MIT Study: The Number Of Illegal Immigrants Could Be Double Previous Estimates

Will Racke | Immigration and Foreign Policy Reporter

The true number of illegal immigrants living in the U.S. — long a subject of intense debate — could be twice as high as commonly accepted figures, according to a study by a Massachusetts Institute of Technology researcher.

The study published Friday by Mohammad Fazel-Zarandi, a senior lecturer at MIT’s Sloan School of Management, estimates there are about 22.1 million illegal immigrants in the U.S. today. Most frequently cited estimates put the number between 11 and 12 million.

Even the lower bound of the MIT study’s range, 16.7 million, is nearly 50 percent higher than the 11.3 million estimated by the Pew Research Center for 2016.

Such a wide discrepancy is explained by deficiencies in the methods researchers have used to arrive at previous estimates, according to Fazel-Zarandi and his co-authors, Edward Kaplan and Jonathan Feinstein of Yale University. In the past, researchers typically extrapolated the total number of illegal immigrants from population surveys and legal immigration records.

Fazel-Zarandi and his colleagues used mathematical modeling based on “operational data” — border apprehensions, deportations, visa overstays and demographic data — to arrive at their estimate. The approach eliminated the uncertainty found in methods that rely on surveys, which are a less reliable gauge of the illegal immigrant population, according to the researchers.

“It’s very likely that undocumented immigrants are more difficult to locate and survey than other foreign-born residents, and if contacted, they might be inclined to misreport their country of origin, citizenship, and number of household residents fearing the legal consequences of revealing their status,” Fazel-Zarandi in a news release. “Any of these circumstances would lead to underestimating the true number of unauthorized immigrants.”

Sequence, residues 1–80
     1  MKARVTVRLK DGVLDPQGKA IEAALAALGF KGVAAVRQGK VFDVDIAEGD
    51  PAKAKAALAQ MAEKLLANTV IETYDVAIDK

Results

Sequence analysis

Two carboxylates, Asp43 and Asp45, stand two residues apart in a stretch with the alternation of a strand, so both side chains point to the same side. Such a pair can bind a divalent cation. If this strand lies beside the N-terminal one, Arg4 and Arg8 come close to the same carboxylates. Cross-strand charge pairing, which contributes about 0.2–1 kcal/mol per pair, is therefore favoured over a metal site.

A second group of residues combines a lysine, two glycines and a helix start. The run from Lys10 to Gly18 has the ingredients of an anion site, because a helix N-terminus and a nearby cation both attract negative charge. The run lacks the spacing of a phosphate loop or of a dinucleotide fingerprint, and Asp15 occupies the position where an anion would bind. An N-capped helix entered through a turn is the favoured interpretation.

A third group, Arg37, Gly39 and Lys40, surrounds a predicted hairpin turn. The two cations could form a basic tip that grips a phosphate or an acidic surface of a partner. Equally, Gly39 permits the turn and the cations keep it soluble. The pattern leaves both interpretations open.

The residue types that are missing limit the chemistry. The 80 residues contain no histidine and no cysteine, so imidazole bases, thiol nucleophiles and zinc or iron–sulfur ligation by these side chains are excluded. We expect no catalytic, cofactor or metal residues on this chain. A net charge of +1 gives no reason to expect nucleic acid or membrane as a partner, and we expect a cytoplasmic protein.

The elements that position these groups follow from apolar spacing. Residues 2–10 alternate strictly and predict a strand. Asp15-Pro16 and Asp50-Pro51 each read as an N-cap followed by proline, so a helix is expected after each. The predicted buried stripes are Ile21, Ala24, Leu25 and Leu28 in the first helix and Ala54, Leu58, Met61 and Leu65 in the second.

The MIT study, which spans 1990 to 2016, also used newly available arrest data to estimate the number of illegal border crossings during that time period. It found the number of illegal immigrants coming into the U.S. rose steadily throughout the 1990s, peaked around 2008, and has leveled off and stabilized since then. (RELATED: Illegal Immigration By Families Surges To Highest-Ever August Total)

If corroborated, the numbers reported in the MIT study could have major implications for immigration policy under the Trump administration, which has made a crackdown on illegal immigration a centerpiece of its agenda. President Donald Trump has repeatedly painted illegal immigration as threat to public safety and the economic well-being of American workers, while administration critics contend he is exaggerating the scope of the problem.

“Debates about the amount of resources to devote to this population and the relative benefits and disadvantages of alternative policies — including deportation, amnesty, and border control — depend greatly on having a correct estimate,” Fazel-Zarandi said. “The number sets the scale.”

Some immigration experts contend the MIT-Yale study’s estimates are the result of flawed methodology. The authors failed to account for circulatory migration patterns in the 1990s, overestimating the number of people who arrived in the U.S. illegally and remained in the country, according to the Migration Policy Institute.

“In this accounting method, any error in estimating border crossers or those who leave the country … gets compounded over time, leading their mistakes to snowball,” MPI wrote in a formal response published in the same academic journal that published the MIT-Yale study. “By the time they build their estimate of the unauthorized population in 2000, their number is far higher than could be validated by any other means.”

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